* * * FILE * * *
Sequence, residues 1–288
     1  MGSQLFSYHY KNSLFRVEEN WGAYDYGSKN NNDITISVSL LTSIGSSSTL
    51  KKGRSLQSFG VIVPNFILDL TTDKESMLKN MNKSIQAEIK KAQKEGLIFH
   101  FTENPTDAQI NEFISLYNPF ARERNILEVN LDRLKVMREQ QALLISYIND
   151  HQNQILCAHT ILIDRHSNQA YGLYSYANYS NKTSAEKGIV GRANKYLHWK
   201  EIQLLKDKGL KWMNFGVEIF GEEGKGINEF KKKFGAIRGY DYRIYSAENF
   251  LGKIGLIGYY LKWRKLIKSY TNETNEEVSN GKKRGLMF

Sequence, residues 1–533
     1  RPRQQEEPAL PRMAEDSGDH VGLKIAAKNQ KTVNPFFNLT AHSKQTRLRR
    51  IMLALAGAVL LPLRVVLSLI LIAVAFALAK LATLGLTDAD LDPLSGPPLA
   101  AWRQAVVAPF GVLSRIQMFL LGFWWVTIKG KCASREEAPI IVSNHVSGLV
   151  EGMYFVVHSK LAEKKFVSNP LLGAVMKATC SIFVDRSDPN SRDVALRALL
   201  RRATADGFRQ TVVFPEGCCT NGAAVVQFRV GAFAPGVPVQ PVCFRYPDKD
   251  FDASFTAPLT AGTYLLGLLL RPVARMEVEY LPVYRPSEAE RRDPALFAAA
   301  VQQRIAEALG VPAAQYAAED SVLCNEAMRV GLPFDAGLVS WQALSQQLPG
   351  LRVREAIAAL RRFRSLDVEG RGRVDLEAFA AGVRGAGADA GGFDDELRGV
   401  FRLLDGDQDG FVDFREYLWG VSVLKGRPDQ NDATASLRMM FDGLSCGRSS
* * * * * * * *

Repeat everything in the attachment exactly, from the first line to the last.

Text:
Sequence, residues 1–288
     1  MGSQLFSYHY KNSLFRVEEN WGAYDYGSKN NNDITISVSL LTSIGSSSTL
    51  KKGRSLQSFG VIVPNFILDL TTDKESMLKN MNKSIQAEIK KAQKEGLIFH
   101  FTENPTDAQI NEFISLYNPF ARERNILEVN LDRLKVMREQ QALLISYIND
   151  HQNQILCAHT ILIDRHSNQA YGLYSYANYS NKTSAEKGIV GRANKYLHWK
   201  EIQLLKDKGL KWMNFGVEIF GEEGKGINEF KKKFGAIRGY DYRIYSAENF
   251  LGKIGLIGYY LKWRKLIKSY TNETNEEVSN GKKRGLMF

Sequence, residues 1–533
     1  RPRQQEEPAL PRMAEDSGDH VGLKIAAKNQ KTVNPFFNLT AHSKQTRLRR
    51  IMLALAGAVL LPLRVVLSLI LIAVAFALAK LATLGLTDAD LDPLSGPPLA
   101  AWRQAVVAPF GVLSRIQMFL LGFWWVTIKG KCASREEAPI IVSNHVSGLV
   151  EGMYFVVHSK LAEKKFVSNP LLGAVMKATC SIFVDRSDPN SRDVALRALL
   201  RRATADGFRQ TVVFPEGCCT NGAAVVQFRV GAFAPGVPVQ PVCFRYPDKD
   251  FDASFTAPLT AGTYLLGLLL RPVARMEVEY LPVYRPSEAE RRDPALFAAA
   301  VQQRIAEALG VPAAQYAAED SVLCNEAMRV GLPFDAGLVS WQALSQQLPG
   351  LRVREAIAAL RRFRSLDVEG RGRVDLEAFA AGVRGAGADA GGFDDELRGV
   401  FRLLDGDQDG FVDFREYLWG VSVLKGRPDQ NDATASLRMM FDGLSCGRSS